The church secretary, or another appointed individual should always come for the purpose of taking notes and minutes. Formal “reading of minutes” and “past business – future business” is not necessary unless you wish to do so. But it will be needful for the secretary to make notes of calendar changes, pastoral directives, and items to “tag-in” upon during the month.

And, of course, the pastor must be there. Departmental planning without the pastor is practically impossible. A pastor must give the Monthly Planning Council his highest priority. It will save him an abundance of time and frustration later on.

ENCOURAGING FAITHFULNESS

Some pastors have complained in the past that, “monthly planning councils don’t work.” When asked why, the answer is invariably, “I can’t get my directors to faithfully come.”

Faithfulness is a two-way street. It must be agreed upon by the Pastor as well as the directors. Few things will discourage directors more than a leader who repeatedly cancels the Monthly Council at the last minute because “something came up.” This gives a silent but very strong message to the directors that says, “the departments and your duties are not that important.”

Along the same lines is the Pastor who has no set date or frequency for the planning council. He calls one “when I feel it’s needed.” This approach almost never works. Directors will have something already planned for that evening. They will not have their reports ready and they are prone to forget when it is called because it never becomes a habit.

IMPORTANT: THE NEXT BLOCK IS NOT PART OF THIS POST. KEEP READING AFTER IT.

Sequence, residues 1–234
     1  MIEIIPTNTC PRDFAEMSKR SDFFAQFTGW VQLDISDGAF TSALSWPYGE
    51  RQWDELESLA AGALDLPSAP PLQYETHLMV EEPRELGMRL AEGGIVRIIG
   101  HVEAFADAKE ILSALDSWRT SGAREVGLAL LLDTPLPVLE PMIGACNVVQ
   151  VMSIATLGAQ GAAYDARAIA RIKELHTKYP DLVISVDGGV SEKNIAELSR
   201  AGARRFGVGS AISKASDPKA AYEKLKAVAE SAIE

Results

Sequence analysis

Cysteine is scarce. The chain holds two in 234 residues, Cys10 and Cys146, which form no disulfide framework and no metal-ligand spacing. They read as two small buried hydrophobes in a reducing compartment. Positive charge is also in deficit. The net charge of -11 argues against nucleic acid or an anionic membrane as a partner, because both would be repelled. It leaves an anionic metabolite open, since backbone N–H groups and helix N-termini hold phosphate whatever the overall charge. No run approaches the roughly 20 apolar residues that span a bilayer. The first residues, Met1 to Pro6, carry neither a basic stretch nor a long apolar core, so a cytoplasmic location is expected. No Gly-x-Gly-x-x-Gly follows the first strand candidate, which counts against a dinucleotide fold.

On the directors side, there must also be a commitment of faithfulness. If a director cannot be faithful to a once-per-month meeting, they most likely will not be faithful in performing their duties. There are, however, several things that a pastor can do to encourage faithfulness. If a pastor will follow these simple steps, in most cases his attendance problems will disappear.

1. Set all the dates for the coming years Monthly Councils at the Annual Planning Retreat. Go through your calendar month by month and have your directors write in the Monthly Planning Council dates. Choose the first “Tuesday” (or some other day) of each month and mark it in. This allows a director to prepare in advance to be there.

2. Stress and teach faithfulness. Train your directors in the importance of being faithful and dependable. This is a high priority in the Bible. Stress it at the end of each Council for those  who habitually come in late. Let them know how important it is to you. Most people are late because they plan to be on time – therefore any little problem makes them late. To be on time, you must plan to be early.

3. A week before your Monthly Council, have your secretary (or yourself) send or give a note to all department heads. Included with this note should be a rough-draft of the Monthly Council agenda. By seeing the topics concerning their department to be discussed, it emphasizes how important it is to be there. Time and location should be included also.